Microsoft’s election guard technology allows voters to verify that their vote has been cast legitimately without advertising whom they voted for: “They can use the tracking code on an election website to verify that their vote has been counted and that the vote has not been altered.” Something similar should be possible on the blockchain. So long as the government is not storing the tracking code or user credentials next to personally identifiable names, it should be possible to keep the names of voters off the blockchain.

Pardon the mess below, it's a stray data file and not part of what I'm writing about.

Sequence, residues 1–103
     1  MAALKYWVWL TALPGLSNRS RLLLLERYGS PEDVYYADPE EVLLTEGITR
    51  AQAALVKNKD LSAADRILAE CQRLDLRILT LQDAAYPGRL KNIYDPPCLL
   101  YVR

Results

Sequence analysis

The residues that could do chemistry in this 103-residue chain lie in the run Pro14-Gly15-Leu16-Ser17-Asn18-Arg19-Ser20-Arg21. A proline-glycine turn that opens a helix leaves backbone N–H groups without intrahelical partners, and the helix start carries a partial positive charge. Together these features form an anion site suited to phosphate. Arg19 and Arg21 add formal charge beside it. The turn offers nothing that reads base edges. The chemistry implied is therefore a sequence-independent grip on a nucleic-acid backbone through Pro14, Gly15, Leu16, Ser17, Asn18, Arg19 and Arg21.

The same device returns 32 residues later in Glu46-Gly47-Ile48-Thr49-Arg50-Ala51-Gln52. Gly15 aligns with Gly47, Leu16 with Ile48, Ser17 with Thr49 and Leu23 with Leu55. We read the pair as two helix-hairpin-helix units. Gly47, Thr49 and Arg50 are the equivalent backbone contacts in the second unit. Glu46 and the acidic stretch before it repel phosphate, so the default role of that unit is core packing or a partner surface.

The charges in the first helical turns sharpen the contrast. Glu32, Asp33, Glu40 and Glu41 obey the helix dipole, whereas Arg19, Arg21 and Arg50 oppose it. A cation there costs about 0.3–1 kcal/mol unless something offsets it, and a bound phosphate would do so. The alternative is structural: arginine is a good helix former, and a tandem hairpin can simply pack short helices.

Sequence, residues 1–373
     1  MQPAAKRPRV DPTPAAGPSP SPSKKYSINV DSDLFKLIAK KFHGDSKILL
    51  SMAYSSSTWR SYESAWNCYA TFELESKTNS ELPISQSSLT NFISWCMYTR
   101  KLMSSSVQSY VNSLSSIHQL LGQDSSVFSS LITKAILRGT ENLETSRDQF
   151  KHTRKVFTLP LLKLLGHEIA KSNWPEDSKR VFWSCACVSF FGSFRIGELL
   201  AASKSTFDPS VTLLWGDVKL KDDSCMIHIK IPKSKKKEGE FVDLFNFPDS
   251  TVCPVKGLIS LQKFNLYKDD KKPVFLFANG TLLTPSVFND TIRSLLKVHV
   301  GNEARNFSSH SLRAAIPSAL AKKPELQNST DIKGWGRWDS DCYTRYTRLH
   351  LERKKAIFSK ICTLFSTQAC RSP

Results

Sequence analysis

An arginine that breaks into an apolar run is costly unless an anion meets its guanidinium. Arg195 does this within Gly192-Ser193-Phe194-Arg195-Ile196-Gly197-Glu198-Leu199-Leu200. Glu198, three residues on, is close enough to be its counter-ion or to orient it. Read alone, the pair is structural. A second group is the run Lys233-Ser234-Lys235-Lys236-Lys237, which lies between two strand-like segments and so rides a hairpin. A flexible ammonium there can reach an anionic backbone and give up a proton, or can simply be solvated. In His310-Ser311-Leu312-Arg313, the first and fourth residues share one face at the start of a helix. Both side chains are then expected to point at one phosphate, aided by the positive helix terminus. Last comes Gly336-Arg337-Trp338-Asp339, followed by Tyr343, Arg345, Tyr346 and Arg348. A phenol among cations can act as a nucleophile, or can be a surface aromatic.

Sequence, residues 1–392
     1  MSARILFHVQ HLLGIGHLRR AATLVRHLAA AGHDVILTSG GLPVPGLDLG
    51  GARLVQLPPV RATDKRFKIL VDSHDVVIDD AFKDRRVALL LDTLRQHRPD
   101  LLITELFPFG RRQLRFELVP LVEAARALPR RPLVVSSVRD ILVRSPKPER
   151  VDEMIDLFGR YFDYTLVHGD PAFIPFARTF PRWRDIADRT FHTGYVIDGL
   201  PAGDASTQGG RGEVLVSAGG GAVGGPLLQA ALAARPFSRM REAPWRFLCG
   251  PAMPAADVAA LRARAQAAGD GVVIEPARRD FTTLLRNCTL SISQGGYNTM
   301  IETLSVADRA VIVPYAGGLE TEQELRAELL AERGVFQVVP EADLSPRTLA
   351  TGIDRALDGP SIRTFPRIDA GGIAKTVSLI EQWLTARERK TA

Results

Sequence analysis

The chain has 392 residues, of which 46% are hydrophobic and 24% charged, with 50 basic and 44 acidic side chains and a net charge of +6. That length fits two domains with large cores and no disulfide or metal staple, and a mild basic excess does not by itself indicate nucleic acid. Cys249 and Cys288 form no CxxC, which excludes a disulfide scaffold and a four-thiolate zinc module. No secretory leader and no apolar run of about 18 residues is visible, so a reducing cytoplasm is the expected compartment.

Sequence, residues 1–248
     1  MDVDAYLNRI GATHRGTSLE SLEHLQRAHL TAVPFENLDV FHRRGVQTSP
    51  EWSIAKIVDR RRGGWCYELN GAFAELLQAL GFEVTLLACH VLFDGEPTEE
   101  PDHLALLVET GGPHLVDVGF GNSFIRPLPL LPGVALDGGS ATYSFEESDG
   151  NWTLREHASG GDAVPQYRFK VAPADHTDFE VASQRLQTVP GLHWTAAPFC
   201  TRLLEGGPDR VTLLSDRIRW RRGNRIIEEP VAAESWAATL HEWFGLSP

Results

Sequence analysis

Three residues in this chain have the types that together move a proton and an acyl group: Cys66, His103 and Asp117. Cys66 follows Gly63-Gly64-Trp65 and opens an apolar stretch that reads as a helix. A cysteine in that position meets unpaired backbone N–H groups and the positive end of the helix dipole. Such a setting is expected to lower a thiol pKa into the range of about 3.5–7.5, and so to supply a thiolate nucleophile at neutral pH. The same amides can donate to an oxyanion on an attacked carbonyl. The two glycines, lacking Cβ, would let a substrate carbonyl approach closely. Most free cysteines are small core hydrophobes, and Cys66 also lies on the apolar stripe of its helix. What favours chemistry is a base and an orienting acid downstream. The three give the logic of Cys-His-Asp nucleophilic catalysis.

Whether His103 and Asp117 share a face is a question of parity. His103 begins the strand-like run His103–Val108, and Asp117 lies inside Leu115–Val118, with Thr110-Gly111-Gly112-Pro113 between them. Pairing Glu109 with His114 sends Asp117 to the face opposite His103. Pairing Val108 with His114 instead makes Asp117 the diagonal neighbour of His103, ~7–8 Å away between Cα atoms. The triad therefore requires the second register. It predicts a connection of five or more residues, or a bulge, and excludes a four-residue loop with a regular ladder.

Blockchain Voting Systems Currently in Service

Several blockchain voting systems are being developed and deployed in elections worldwide.

• Kaspersky is currently developing an Ethereum powered voting system called Polys. It is currently closed source, though they have indicated they will open-source it once their internal audits are complete.

• West Virginia carried out a trial program using a Voatz, a voting system powered by IBM’s Hyperledger blockchain framework.

• The Republican party used a system by Smartmatic in the Republican Presidential Caucus.

• Russia will deploy a blockchain voting system during a September 2019 election powered by the Ethereum blockchain.